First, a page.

“Six Plus Five” features Dan Underkofle heavily on the keys and seems to be a great track to end 'The Luggage Underneath.' This instrumental track is right behind "The Wave" for me in terms of excitement level. Jams like "Six Plus Five" are the reason I still love doing album reviews and sharing music with all of my readers. “Six Plus Five” is uplifting, exciting, and all-around rhapsodic. This song is comparative to many of the finest up-and-coming acts that I have heard in the jam scene today. Moose Almighty blows the doors off this last track, leaving me completely satisfied with my listening experience.
‘The Luggage Underneath’ in its entirety is something that Moose Almighty should be very proud to release. This album is possibly the most ambitious and most promising I have reviewed here at www.jambandpurist.com. While some aspects of the recording may be a little rough around the edges, Moose Almighty makes up for that with raw energy and impressive musicianship. As with many bands I review here at JBP, I am positive that Moose Almighty would be even better live and in person. While I have not been able to see any live music due to all the craziness in this world, I do hold out hope that we will all be able to return to the live music that we love soon. Until then, I will be checking out Moose Almighty's live stream tonight from High Dive. Join me!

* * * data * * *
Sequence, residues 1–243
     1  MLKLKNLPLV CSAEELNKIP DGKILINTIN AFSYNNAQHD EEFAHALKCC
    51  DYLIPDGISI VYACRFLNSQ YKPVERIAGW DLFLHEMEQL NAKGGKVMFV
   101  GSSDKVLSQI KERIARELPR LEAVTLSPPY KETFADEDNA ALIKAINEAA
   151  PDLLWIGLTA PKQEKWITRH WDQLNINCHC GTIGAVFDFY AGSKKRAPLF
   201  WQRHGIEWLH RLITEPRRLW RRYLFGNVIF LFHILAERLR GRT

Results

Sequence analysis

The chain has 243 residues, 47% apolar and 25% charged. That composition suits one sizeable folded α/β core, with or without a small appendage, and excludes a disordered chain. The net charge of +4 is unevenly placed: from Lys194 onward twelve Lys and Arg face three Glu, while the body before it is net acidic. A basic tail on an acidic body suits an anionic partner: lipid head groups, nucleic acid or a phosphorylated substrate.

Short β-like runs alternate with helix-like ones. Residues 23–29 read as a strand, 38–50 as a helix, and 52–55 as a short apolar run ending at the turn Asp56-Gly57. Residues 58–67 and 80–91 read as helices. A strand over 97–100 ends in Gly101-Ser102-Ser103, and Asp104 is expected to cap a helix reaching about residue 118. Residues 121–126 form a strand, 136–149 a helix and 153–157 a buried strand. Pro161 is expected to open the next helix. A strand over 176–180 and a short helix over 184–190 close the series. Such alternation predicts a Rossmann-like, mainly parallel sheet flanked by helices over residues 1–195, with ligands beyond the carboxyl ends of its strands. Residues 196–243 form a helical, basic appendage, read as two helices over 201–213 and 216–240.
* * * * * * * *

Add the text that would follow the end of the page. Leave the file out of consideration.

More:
For more from Moose Almighty check them out here:
George Fetner and The Strays- (Thrive on New Album 'Longer Like This')
Over the past 4 years of writing music reviews and album reviews here at jambandpurist.com, you'd be surprised how many albums I have received in the mail, mostly CDs, countless digital downloads, and every once in a while I get a vinyl to add to my collection. This makes all the difference when trying to decide which albums to devote a full review towards. Going the extra mile always gets my attention. I wasn’t sure what to think when I first put on 'Longer Like This' having never heard any of GFATS music. I was pleasantly surprised by the immediate interest in the full and dynamic sound coming out of my speakers. George Fetner and The Strays are an eclectic group of musicians from Colombia, South Carolina. The core musicians include Craig Butterfield on bass, Anthony Charles on guitar and vocals, Matt Fenech holding down the drums, Jeff Vaughn on percussion and fearless bandleader, George Fetner on guitar, vocals, and synth.